World War I And The Conquering Male Gaze Essay

2062 Words Nov 7th, 2016 9 Pages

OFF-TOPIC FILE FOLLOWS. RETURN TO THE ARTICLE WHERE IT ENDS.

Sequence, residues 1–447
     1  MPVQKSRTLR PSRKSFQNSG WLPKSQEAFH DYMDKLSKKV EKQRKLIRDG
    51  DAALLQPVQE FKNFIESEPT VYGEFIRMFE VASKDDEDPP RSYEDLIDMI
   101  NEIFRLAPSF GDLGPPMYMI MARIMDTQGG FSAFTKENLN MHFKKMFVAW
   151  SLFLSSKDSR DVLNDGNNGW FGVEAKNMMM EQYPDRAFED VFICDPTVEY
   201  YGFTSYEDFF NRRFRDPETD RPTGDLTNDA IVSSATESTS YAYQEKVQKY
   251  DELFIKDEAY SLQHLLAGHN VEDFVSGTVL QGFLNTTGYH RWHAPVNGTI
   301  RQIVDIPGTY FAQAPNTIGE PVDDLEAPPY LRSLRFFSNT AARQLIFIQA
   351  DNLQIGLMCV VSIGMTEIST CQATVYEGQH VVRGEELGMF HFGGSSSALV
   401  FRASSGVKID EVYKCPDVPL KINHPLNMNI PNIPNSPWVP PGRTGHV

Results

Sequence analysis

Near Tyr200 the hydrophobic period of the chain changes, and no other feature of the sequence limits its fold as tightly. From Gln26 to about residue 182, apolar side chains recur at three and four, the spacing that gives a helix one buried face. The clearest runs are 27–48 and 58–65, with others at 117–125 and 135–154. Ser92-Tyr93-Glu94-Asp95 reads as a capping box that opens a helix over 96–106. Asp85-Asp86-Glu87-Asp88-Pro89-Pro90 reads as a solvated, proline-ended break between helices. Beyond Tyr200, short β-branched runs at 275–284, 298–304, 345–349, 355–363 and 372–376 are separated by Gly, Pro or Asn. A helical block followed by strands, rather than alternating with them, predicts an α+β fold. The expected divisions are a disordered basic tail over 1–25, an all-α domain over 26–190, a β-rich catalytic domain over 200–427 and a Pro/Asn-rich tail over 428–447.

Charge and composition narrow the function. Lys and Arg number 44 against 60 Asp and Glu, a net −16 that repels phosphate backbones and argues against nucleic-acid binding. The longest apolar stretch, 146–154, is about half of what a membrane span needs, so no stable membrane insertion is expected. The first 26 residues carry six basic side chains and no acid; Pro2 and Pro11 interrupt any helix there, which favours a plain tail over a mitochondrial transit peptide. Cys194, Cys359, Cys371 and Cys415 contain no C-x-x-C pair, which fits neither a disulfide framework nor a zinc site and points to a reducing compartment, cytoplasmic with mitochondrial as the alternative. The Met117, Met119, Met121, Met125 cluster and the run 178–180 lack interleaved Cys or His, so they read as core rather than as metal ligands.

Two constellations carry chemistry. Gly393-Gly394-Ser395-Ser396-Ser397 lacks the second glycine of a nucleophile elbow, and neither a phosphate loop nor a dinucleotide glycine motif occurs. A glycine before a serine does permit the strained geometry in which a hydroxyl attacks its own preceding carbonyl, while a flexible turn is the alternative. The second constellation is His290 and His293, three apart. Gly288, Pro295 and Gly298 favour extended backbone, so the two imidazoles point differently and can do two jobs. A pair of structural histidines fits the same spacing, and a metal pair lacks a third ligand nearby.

World War I and the Conquering Male Gaze in Marianne Moore’s Poem “Graveyard” When thinking of a graveyard, you think of a place where dead people are buried. Through imagery and metaphor, Marianne Moore takes you on a ride of your life capturing life’s hardships along the way. Moore’s early poetry was written during a period of profound political and social upheaval. The women’s suffrage movement of the late 19th and early 20th centuries culminated in the ratification of the 19th Amendment in 1920, guaranteeing women the right to vote. The women’s rights movement continued to advocate of gender equality, influencing women’s writing. From 1914 to 1918, the First World War redefined military conquest. Though the United States did not enter the war officially until 1917, the war was still a primary topic of discussion across the country. Both of these historical concerns, World War I and the women’s rights movement are apparent in Marianne Moore’s poem “Graveyard,” which was later shortened to simply “Grave.” The scale of World War I with a huge death toll and the horrors of more advanced weapons had a profound impact on the way that people understood the world. The issue of territorial expansion was one of the key causes of the war and one of the benefits of to the nations that won, which got to divide up Africa and redefine the boundaries of Europe to their advantage (“World War I”). Moore’s poem is aware of the destructiveness that underlies that the desire for new…

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